Sectarian attempted murder of Irish folk musicians


This 11 June 2020 video about Ireland is called The Wolfe Tones’ rebel song Come Out Ye Black And Tans hits number one on UK iTunes charts.

This 2017 folk music video is called The Wolfe Tones – Come Out Ye Black And Tans.

This blog has noted before that German secret police targets punk rock music. And that British police targets punk rock music. And that British police bans rock band Babyshambles because some parts of their songs are slow and others are fast. And that British police ban Jamaican music.

However, ‘targeting’ sometimes goes further than spying or banning. Sometimes, it is targeting for murder.

From daily The Morning Star in Britain:

Tuesday, January 21, 2020

Irish rebel musicians Wolfe Tones targeted by loyalist paramilitaries linked to British intelligence

IRISH rebel musicians the Wolfe Tones have said that they escaped a planned attack by a notorious loyalist paramilitary group backed by British intelligence services in the 1970s.

Singer Brian Warfield explained that before playing a gig in 1975 the band were told their lives were at risk from the Glenanne Gang — a group of police officers, serving British soldiers and members of the Ulster Volunteer Force responsible for about 120 deaths between 1972 and 1980.

The concert was at a Gaelic Athletic Association (GAA) club outside Kileel in County Down. The band were told by the GAA committee not to go for a pre-concert drink in the pub as “the RUC and the UDR were drinking in the front bar.”

“After the gig I came out and the organisers said to me: ‘You can’t go home [by] the main road,’ Mr Warfield said on the Blindboy podcast.

“I said: ‘Why is that?’ and he said: ‘Because there is a blockade waiting for you down there’.”

The concert organisers instead took the band over the mountains of Mourne, whence they made their way back to Dublin.

“The day we got back to Dublin the [police’s] special branch said that the Wolfe Tones were not to go north again, that our lives were in danger.

“I believe that the Glenanne Gang were drinking in that front bar … getting locked out of their mind, ready to pick up the Wolfe Tones on the way home.”

In July 1975 members of the Miami Showband — one of Ireland’s biggest bands — were gunned down after a bomb attack at a bogus roadblock went wrong.

Lead singer Fran O’Toole, guitarist Tony Geraghty and trumpeter Brian McCoy were killed, along with two members of the Glenanne Gang: Harris Boyle and Wesley Somerville, who died when their bomb exploded prematurely.

Brazilian Bolsonaro minister quotes Goebbels


This 17 January 2020 video says about itself:

Brazil‘s culture secretary fired after ‘coincidentally’ quoting Goebbels

Brazil’s Secretary of Culture Roberto Alvim was fired Friday, after being accused of paraphrasing Nazi Germany’s propaganda chief, Joseph Goebbels, in a speech on the government’s vision of the Brazilian arts.

From the BBC today:

Brazil’s culture minister has been sacked after using parts of a speech by Nazi Germany’s propaganda chief Joseph Goebbels in a video, sparking outrage.

In the clip posted on the ministry’s Twitter page, Roberto Alvim detailed an award for “heroic” and “national” art.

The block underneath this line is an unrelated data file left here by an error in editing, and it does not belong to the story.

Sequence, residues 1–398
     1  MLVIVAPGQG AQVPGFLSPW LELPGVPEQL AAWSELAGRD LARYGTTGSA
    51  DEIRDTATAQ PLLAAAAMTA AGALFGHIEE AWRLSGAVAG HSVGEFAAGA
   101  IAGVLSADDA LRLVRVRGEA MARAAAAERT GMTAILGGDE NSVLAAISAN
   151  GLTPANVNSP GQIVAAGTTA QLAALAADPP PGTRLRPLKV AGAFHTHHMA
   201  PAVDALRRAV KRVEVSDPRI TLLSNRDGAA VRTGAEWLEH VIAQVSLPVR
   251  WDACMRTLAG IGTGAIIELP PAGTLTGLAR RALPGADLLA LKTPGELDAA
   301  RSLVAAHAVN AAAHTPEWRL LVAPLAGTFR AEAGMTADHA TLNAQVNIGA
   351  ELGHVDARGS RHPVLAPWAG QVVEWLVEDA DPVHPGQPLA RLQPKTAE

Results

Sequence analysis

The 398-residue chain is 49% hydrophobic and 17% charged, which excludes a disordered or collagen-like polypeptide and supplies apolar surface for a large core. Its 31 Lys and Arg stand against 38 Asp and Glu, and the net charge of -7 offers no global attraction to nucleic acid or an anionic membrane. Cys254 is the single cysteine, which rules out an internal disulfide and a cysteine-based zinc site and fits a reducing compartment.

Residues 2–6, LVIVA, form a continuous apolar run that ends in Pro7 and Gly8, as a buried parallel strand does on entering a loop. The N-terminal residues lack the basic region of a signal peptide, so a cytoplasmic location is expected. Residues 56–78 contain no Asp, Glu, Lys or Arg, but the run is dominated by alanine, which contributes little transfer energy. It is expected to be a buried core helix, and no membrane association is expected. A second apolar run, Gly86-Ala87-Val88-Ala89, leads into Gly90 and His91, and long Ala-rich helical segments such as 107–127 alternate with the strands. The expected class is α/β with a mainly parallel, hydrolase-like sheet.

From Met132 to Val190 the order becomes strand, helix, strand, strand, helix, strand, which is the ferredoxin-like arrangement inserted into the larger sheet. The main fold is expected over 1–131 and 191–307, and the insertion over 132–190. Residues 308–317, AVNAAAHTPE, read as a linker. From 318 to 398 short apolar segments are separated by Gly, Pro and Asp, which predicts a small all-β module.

Lohengrin by Wagner, Hitler’s favourite composer, played in the background. …

In the six-minute video detailing the National Arts Awards, Mr Alvim said: “The Brazilian art of the next decade will be heroic and will be national, will be endowed with great capacity for emotional involvement… deeply linked to the urgent aspirations of our people, or else it will be nothing.”

Parts of it were identical to a speech quoted in the book Joseph Goebbels: A Biography, by German historian Peter Longerich, who has written several works on the Holocaust.

“The German art of the next decade will be heroic, it will be steely-romantic, it will be factual and completely free of sentimentality, it will be national with great pathos and binding, or it will be nothing.”

Goebbels led the Ministry of Enlightenment and Propaganda, designed to brainwash people into obeying the Nazis and idolising leader Adolf Hitler. Its methods included censorship of the press and control of radio broadcasts, as well as control of culture and arts. …

Among those who called for him to be fired was the Speaker of the lower house of Brazil’s Congress, Rodrigo Maia, who said Mr Alvim had “gone beyond all limits” with an “inacceptable” video.

The Brazilian Israelite Confederation said: “To emulate [Goebbels’] view… is a frightening sign of his vision of culture, which must be combated and contained.”

It called for Mr Alvim’s immediate removal, adding: “Brazil, which sent brave soldiers to combat Nazism on European soil, doesn’t deserve it.”

[President] Bolsonaro, a former army captain with a conservative social agenda, has frequently accused Brazil’s artists and cultural productions including schoolbooks and movies of “left-wing bias”.

Brazil’s special secretary of culture, Roberto Alvim, was removed from his post on January 17 amid public furor over a video he posted the previous day on his official Twitter account in which he delivered a fascistic speech on art that directly plagiarized the words of Joseph Goebbels, the propaganda minister of Hitler’s Third Reich: here.

Brazilian Prosecutors Charge Glenn Greenwald With Cybercrimes. Brazilian authorities have charged journalist Glenn Greenwald with cybercrimes, The New York Times reported, an alarming sign that Brazil’s increasingly authoritarian government is punishing a journalist for revealing explosive information.

Brazil’s Bolsonaro government charges journalist Glenn Greenwald with “cybercrimes”: here.

Ancient pre-Inca Pachacamac sculpture was coloured


This 2011 video is about the Pachacamac Idol.

From PLOS:

Pachacamac Idol of ancient Peru was symbolically painted

Chemical analysis of the statue reveals its age and original polychromatic design

January 15, 2020

The Pachacamac Idol of ancient Peru was a multicolored and emblematic sacred icon worshipped for almost 700 hundred years before Spanish conquest, according to a study published January 15, 2020 in the open-access journal PLOS ONE by Marcela Sepúlveda of the University of Tarapacá, Chile and colleagues.